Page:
Mobile Suit Gundam: Iron-Blooded Orphans
by Lauren Orsini,
How would you rate episode 24 of
Mobile Suit Gundam: Iron-Blooded Orphans ?
With a title like “A Future Reward,” I guessed this episode of Mobile Suit Gundam: Iron-Blooded Orphans was going to be rough as soon as it began. Tekkadan may be rewarded in the afterlife, but for now this family is going to suffer. After an entire season spent making us love and care for a surprisingly varied cast, Iron-Blooded Orphans pushes our feelings to the limit with a heartbreaking half hour filled with loss, betrayal, and the horrors of war.
This episode begins jarringly in media res, with Atra and Merribit tending to the wounded after more than a day without sleep. This episode begins with a time limit—six more hours to deliver Makanai to the electoral hearing or else. Things are looking dire, and with the the clock ticking, Tekkadan has gotten desperate. Desperate enough for Orga to send them on a suicide mission, and for everyone—Merribit excluded—to think it's an awesome idea.
“Bet your lives on this operation,” Orga says in the first of many powerful moments of this episode, punctuated by a heart-racing musical score. You can see how much it pains Orga that it's come to this, as he approves even somebody as young as Ride to pilot a mobile worker. Orga is sending his men, boys really, to serve as decoys for Gjallarhorn. “This is wrong,” Merribit sobs, and under normal circumstances, she would be right. But one of the horrific lessons of Iron-Blooded Orphans is that the members of Tekkadan have always lived by risking their lives for money, ever since they were born. Before they formed Tekkadan, they risked their lives for the sake of their corporate overlords. We've come full circle to the very first episode. The company the Orphans worked for on Mars also used them as decoys—while the top brass made their escape. This time at least, Orga and the others are risking their lives for something they actually believe in. Ever since episode 13, “Funeral Rites,” there's been a promise that “each of our lives aren't disposable things that end when we die,” a sort of “Future Reward,” if you will.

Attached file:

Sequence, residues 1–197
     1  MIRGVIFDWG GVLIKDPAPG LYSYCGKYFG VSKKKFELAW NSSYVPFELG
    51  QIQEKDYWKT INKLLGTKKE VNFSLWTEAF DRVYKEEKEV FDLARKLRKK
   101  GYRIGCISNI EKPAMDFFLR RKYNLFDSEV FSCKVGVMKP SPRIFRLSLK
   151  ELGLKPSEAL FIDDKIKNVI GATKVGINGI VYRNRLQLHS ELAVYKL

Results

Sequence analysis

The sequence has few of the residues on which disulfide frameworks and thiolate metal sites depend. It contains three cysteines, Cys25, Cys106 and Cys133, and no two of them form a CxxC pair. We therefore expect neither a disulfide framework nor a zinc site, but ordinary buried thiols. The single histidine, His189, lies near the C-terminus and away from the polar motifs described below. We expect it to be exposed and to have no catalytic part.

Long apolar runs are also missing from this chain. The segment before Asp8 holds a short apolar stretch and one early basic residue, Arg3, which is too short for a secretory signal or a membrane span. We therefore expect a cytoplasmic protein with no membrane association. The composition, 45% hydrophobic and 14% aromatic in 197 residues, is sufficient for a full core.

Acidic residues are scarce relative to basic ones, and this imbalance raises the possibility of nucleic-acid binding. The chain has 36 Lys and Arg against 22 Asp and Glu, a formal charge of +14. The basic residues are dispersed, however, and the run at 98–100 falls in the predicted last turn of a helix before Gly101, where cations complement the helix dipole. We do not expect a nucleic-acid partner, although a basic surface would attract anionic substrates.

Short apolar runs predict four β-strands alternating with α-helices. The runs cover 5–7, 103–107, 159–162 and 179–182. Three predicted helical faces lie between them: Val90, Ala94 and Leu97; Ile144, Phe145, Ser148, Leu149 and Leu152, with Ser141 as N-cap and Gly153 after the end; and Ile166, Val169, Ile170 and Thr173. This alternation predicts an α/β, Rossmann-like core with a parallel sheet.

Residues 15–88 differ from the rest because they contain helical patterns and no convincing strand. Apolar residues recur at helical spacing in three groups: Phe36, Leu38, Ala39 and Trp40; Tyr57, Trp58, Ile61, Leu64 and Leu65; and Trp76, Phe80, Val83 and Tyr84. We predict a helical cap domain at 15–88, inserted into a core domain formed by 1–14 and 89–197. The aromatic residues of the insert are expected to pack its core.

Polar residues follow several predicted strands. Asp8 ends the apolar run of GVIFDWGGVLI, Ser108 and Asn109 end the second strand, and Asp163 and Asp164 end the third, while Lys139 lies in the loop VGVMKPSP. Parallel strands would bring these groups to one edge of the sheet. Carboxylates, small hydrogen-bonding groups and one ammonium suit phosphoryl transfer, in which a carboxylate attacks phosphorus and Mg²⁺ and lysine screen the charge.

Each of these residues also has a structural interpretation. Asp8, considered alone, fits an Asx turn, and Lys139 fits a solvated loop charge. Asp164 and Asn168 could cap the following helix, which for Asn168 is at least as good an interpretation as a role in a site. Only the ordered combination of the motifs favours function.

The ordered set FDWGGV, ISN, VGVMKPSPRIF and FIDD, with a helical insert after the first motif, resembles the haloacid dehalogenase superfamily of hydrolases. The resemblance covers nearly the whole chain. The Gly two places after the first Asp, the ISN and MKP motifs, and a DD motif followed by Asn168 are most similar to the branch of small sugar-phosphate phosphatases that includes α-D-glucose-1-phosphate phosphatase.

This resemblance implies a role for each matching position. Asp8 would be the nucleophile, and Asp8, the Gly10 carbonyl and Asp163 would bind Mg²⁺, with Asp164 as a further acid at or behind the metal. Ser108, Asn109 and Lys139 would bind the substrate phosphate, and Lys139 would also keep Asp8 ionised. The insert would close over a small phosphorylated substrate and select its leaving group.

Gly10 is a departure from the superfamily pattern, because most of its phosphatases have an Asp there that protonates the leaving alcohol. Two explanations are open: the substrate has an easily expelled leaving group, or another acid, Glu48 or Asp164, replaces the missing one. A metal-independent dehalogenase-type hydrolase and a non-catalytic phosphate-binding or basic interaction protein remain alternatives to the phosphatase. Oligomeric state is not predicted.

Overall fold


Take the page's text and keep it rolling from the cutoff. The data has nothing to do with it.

From there, the episode only gets more painful to watch. I don't think we'll fully grasp the death count until next week, because while a lot of people have been wounded, we're not entirely sure if they're mortally wounded. This episode captures the chaos of battle, the way that odds can turn on a dime, and how it's impossible to tell what's going on in every corner of the battlefield. I expected the mobile workers to be cannon fodder, but I never anticipated what a difficult time Mikazuki and company would have, fighting in mobile suits at the edge of town. It's a Gundam tradition to bring out a massive mobile suit at a critical point (think Zeta Gundam's Psycho Gundam), and in this episode that responsibility falls to Ein. I didn't realize before how much bigger he was than other suits. Lafter acknowledges their doom with the four words I never wanted to hear: “It's stronger than Mikazuki.” Ein is an extremely weighty presence on the battlefield, not only because of his size but thanks to his emotional instability. While mobile suits are forbidden in the city because the Ahab Reactor would shut down electrical functions, Ein pays no attention.
He zooms right to the armored car where Atra, with such tiny hands on the massive steering wheel, is protecting Kudelia and Makanai “in place of Mikazuki.” This climax puts far too many of my favorite characters in danger, and now Lafter has put doubt in the audience's mind that even Mikazuki will be able to save them. While Ein is out for revenge, Gaelio is wrestling with betrayal—in the least shocking reveal of the season, McGillis has come out to fight him. Every moment of this show is an emotional one, whether we are dealing with a character's shock or trauma or death. Having spent an entire season with these people, there are no throwaway tragedies now. When Tekkadan created a family, viewers became a part of it, and now we're suffering along with them.
Lauren writes about anime and journalism at Otaku Journalist.
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